December 11, 1997
My story actually began a few years ago, before I was diagnosed with cancer. My brother-in-law's younger brother, Jerry Beck, was diagnosed with testicular cancer, but his cancer had spread too far by the time it was discovered, and he died of the disease.
When Jerry died, my family made sure I learned a valuable lesson: if I were to ever notice swelling in that area, I was to go to the doctor immediately.
At the end of February 1997, I noticed something was wrong. My left testicle had swollen to twice the size of the right side, and because of Jerry, I immediately feared it was cancer. On Spring Break I decided to go to the family doctor to get it checked out. All Dr. Gingerich could tell was that there was a solid mass in the testicle, so he sent me to a urologist, Dr. Thomas Koerner, the next day. Two days later, on Friday, March 21, 1997, I had my left testicle removed at Parkview Hospital in Ft. Wayne, IN. A post-surgery biopsy revealed that the tumor was malignant.
Unfortunately, recovering from surgery prevented me from returning to Bloomington to finish my semester at Indiana University. Eventually, I dropped out for the spring semester.
The lab report I got in the mail the week after my surgery was excellent news. There was no evidence the cancer had spread, and tissue samples had revealed a pure seminoma tumor, which is easier to treat.
Unfortunately, something was missed in the lab. I had set up a schedule to begin precautionary radiation treatments at Lutheran Hospital in Ft. Wayne to wipe out any cancer cells that might be present. The day I was to go down to begin preparation for the radiation, I got a call from Dr. Koerner's office: don't go to Ft. Wayne, I need to talk to you.
Needless to day, this was a bit unnerving, since no explanation was given. I learned my alpha-fetoprotein levels were abnormally high the day of the surgery, a sign of non-seminoma cancer. Another blood test was ordered, which revealed normal AFP levels. So it really was a seminoma, right?
Not quite. At this point, Dr. Koerner referred me to Dr. Foster at IU Medical Center in Indianapolis. How was I to be treated? While the first blood test had abnormally high AFP, the second was normal. However, the second was several half-lives later, so even assuming the first blood test was accurate, the second one didn't prove anything either way. It was inconclusive!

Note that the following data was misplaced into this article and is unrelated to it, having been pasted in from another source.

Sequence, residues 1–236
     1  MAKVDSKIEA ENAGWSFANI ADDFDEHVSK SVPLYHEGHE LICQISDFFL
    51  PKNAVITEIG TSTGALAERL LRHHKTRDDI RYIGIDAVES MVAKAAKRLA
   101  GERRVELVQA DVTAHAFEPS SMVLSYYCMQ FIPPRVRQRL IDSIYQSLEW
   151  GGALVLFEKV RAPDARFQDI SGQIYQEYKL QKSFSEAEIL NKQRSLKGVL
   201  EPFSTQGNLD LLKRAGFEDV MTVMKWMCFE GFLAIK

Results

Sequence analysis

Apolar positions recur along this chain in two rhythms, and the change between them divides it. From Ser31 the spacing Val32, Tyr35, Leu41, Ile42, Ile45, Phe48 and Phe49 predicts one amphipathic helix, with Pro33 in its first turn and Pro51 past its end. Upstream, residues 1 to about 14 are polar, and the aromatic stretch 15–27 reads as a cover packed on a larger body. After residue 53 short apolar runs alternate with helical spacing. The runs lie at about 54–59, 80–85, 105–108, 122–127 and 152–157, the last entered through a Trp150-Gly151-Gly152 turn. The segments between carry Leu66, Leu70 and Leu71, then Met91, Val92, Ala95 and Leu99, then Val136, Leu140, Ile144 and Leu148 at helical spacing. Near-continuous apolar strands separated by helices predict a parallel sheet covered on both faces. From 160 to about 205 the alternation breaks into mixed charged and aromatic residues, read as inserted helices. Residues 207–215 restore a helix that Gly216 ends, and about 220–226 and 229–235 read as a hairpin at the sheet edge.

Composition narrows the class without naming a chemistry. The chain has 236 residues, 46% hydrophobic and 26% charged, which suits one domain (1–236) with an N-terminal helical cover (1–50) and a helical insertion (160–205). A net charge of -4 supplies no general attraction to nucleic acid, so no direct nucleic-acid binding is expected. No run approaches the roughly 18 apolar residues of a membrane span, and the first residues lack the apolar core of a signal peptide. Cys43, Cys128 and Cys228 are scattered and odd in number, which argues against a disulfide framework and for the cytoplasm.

So what do we do now? Another tissue sample had already been done at Parkview, again revealing a pure seminoma. A third slide sample was done, this time at IU Medical center, revealing a pure seminoma again. However, since the AFP levels were so high, we couldn't ignore the possibility that there were non-seminoma cells present even if none could be found in tissue samples. We couldn't prove non-seminoma cells were present, but we couldn't be sure they were not present either. So, radiation treatments were not advisable since radiation is not effective against non-seminomas. A team of doctors thought an RPLND was not advisable either, since that surgery is mainly for non-seminoma patients, and we didn't know if that is what I had.
Basically, we have this: We know there were seminoma cells present, but we couldn't be sure whether or not non-seminoma cells were present as well. So, I was advised to go into surveillance for the next five years, as that is the course of action which is most likely to offer the correct treatment if the cancer were to return.
So, to make a long story short, I am in surveillance because somebody didn't catch the blood test that revealed high AFP levels in time.
However, my chances of survival are well over 90%, although I will be dealing with trips to IU Medical Center through 2002. As of the date this was written, December 11, 1997, the cancer has not returned.
I have also had excellent opportunities present themselves my last year here at IU. I am continuing my post as Publications Director of the IU College Republicans, and our Internet publication, Hoosier Review, is stronger than ever. I was appointed Treasurer of Indiana University Students for Life in September, and I was hired as an opinion columnist for the Indiana Daily Student for the fall semester as well. I have recently been re-hired for Spring '98, my last semester here at IU. In addition, I have completed an internship in U.S. Representative John N. Hostettler's office here in Bloomington, which will open up opportunities with the skills I have learned there. Finally, I have become more involved with a new political group here in Bloomington, Grassroots United, and I write for their monthly newsletter, Root Awakening.
Hopefully, all this political/journalism experience will land me a good job after graduation, either here in Bloomington or somewhere else. Until then I will continue to thank God for the Blessings He has given me.